Cosatu stands by decision to let Zuma address Workers’ Day rally

Some Cosatu unions have raised concerns that the attendance of Jacob Zuma at the rally would send conflicting messages.

FILE: Cosatu General Secretary Bheki Ntshalintshali. Picture: Reinart Toerien/EWN

JOHANNESBURG – Congress of South African Trade Unions (Cosatu) General Secretary Bheki Ntshalintshali says it stands firm by its central executive committee (CEC) decision that President Jacob Zuma must address today’s workers' rally despite some objection.

He says the CEC has the final say and Zuma will today address workers in the Free State at the Bloemfontein gathering.

Ntshalintshali says any union that calls for the president to be barred from today’s official Workers Day rally in Bloemfontein will be viewed by leaders as ill-disciplined.

Some Cosatu unions raised concerns that the attendance of Zuma at the rally would send conflicting messages.

Ntshalintshali says people are free to express their views, but the CEC has already taken a decision.

“The union in the CEC says this is the decision we’ve taken, we’re united in this particular decision. There’s no union in a meeting that says ‘I have some reservations on this decision’.”

At least three Cosatu unions have warned that allowing the president to address Cosatu members would send a confusing message because the federation had taken a resolution that Zuma should step down as president.

Previously Cosatu’s Sizwe Pamla confirmed that Zuma would be representing the African National Congress at the rally.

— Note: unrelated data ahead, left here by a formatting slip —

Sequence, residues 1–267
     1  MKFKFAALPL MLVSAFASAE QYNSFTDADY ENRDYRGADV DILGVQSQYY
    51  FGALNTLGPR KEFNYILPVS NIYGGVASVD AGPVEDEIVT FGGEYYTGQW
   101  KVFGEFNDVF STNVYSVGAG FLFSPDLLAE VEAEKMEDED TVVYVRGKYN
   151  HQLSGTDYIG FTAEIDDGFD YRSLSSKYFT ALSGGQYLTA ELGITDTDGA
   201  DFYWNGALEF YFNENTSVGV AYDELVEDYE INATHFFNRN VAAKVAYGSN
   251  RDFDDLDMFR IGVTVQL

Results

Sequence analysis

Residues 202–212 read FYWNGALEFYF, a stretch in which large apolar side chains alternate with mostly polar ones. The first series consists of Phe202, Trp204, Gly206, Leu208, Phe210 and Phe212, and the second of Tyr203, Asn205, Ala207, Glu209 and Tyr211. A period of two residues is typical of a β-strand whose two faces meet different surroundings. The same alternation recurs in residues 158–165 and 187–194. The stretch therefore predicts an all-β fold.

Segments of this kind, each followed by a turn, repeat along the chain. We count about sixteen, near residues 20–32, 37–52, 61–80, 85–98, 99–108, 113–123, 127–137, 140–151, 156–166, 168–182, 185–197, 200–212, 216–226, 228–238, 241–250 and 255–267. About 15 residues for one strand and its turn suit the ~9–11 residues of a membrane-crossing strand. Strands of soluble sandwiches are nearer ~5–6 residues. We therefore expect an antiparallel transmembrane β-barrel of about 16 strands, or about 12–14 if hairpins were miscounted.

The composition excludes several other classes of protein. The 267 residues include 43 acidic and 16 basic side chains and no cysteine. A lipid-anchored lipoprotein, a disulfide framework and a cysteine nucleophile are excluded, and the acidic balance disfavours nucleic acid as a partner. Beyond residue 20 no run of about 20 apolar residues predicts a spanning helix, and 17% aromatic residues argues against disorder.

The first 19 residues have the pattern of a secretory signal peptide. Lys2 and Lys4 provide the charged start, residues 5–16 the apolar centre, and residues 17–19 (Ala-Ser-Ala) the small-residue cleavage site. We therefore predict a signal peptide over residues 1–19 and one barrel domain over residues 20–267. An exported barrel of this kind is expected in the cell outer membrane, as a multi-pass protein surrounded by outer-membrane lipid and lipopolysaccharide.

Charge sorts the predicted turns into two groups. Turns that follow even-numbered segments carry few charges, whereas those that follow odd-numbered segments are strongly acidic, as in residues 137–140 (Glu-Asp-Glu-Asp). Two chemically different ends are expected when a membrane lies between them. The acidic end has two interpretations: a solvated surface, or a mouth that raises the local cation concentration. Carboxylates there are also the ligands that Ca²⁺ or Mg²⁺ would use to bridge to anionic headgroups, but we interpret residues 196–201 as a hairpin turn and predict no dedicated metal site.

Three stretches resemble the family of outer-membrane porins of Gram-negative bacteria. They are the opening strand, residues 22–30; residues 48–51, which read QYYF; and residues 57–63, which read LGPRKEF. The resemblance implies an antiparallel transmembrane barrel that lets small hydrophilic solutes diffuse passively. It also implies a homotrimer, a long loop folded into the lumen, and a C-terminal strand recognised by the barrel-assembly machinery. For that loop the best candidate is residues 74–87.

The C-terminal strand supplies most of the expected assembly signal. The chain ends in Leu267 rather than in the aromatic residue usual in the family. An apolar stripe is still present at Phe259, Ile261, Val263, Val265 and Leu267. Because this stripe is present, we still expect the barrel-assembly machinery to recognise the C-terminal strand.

He said the fact that some unions had objected to his address was not an issue.

“Right now is it not an issue, Cosatu works through resolutions. There’s no resolution banning the president from addressing Cosatu meetings as the president of the African National Congress.”

However, he seemed to be aware that some members may boo the president.

“We hope that workers can celebrate with a level of discipline as they have always done in the past.”

Pamla also confirmed South African Communist Party (SACP) leader Blade Nzimande, whose organisation also called on Zuma to step down, will join the president today.

The SACP has resolved that Zuma is no longer fit to hold office and should step down.

Nzimande said the party was sometimes sidelined by the ruling party during decision making, but was still expected to support the outcome.

“But when wrong decisions are taken we are expected to defend them as allies. No, the time for that now has ended.”

He said it was about time the SACP focused on itself as a movement and grow itself.

Nzimande said the tripartite alliance was bigger than any individual and persons who destroyed the ANC from within should be held to account.

He criticised government’s handling of state capture and said something should be done immediately.

(Edited by Leeto M Khoza)